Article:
Japanese investors have been buying most of France's government debt recently in a record surge spurred by expectations that Europe faces the kind of deflation and growth that Japan suffered for decades.
Since the European Central Bank (ECB) signaled in May it would take radical steps to ease monetary conditions, banks and other big investors in Japan have piled into French bonds, convinced from their own experience that the debt of a country where the central bank is battling deflation represents a winning bet, market participants say.
"In a way, they are expecting Japanisation - deflation and a long period of zero interest rates," said Hiroki Shimazu, senior market economist at SMBC Nikko Securities.
Japanese investors bought a net 1.9 trillion yen (14 billion euros) of French bonds in May, equal to more than 60 percent of the government's new issuance that month, Japanese Finance Ministry data shows.
Data is not available for June, but market participants say Japanese buying of French bonds has picked up from May amid a broader increase in buying of euro-zone debt. One suggested Japanese investors may have bought the equivalent of three-fourths of the French new issuance.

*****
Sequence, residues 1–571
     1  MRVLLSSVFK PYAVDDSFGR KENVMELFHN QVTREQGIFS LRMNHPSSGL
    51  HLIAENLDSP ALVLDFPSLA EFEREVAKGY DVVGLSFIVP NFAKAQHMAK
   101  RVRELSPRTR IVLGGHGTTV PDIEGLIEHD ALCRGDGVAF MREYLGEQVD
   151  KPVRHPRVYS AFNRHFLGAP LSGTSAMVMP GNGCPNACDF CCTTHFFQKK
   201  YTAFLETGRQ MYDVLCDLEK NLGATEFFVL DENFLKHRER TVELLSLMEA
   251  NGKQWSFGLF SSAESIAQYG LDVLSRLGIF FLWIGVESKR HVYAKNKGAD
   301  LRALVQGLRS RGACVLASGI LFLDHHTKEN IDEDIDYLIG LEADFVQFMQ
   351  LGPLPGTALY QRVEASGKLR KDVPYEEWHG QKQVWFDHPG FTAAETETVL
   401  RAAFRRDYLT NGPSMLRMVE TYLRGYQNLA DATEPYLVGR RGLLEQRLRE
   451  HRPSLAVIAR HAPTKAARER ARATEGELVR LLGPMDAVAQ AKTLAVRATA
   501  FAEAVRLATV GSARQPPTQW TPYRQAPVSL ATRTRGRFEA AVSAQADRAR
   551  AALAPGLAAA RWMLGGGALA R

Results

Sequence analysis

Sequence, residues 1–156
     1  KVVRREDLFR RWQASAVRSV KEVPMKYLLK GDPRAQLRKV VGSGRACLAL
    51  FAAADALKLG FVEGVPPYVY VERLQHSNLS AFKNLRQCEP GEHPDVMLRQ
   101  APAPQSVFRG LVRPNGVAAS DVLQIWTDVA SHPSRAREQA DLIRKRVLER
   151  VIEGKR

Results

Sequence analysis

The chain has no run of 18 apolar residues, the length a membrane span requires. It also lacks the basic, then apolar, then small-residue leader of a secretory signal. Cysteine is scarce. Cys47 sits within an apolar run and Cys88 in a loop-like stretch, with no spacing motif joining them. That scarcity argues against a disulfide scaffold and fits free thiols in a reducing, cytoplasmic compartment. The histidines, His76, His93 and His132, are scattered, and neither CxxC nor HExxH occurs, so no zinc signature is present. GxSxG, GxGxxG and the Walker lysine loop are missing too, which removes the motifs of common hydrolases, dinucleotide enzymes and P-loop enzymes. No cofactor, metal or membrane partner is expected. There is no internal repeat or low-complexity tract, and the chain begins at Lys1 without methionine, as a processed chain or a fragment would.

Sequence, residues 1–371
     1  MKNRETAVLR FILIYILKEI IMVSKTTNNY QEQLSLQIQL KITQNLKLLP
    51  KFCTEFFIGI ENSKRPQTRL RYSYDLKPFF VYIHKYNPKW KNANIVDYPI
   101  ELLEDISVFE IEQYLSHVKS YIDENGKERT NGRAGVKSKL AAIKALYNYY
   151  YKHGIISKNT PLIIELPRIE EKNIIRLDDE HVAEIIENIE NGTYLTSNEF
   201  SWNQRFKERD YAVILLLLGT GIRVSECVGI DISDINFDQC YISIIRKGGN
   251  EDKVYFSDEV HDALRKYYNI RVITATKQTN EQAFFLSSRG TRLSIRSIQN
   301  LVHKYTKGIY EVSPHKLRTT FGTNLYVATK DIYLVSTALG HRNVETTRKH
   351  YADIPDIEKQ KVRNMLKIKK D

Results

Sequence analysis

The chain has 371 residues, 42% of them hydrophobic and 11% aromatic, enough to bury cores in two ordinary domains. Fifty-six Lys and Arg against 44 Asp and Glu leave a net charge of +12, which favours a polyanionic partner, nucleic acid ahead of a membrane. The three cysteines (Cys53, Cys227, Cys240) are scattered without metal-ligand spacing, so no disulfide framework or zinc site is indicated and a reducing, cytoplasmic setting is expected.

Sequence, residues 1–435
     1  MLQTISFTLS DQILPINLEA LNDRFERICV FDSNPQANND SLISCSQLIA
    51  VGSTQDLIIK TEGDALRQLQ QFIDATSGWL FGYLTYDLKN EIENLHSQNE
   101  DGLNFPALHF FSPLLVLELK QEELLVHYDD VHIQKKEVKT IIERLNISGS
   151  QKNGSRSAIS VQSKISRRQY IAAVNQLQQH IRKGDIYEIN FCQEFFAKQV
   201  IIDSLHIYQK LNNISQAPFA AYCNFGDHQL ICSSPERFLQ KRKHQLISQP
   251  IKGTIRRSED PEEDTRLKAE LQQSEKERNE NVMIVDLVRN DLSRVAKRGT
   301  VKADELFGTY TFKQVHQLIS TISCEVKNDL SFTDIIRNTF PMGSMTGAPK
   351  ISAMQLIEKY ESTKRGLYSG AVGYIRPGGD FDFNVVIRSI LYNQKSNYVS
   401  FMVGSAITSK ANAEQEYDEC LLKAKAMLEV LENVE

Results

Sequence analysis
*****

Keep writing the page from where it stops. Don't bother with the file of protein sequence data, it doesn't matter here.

French bonds represents a Goldilocks trade for Japanese investors keen for euro-zone exposure: they yield more than German bonds, while lower credit ratings on Italy's bonds - the region's third-most-liquid market - deter active Japanese buying.
On a gross basis, Japanese investors bought 6.60 trillion yen ($65.2 billion) of French government debt in May, dwarfing last year's 1 trillion yen average and by far the most since the ministry began compiling such data in 2005.
While the euro zone's financial crisis has seen spikes in market interest rates as bond prices plunged, Japanese investors have strong memories of a completely different dynamic.
As Japan suffered years of falling prices and tepid growth, the government's bond market proved one of the world's great long-term bull markets.
Having slashed interest rates to zero during this period, the Bank of Japan invented the now globally recognized idea of "quantitative easing" - mass purchases of bonds and other debt to inject cash into the economy.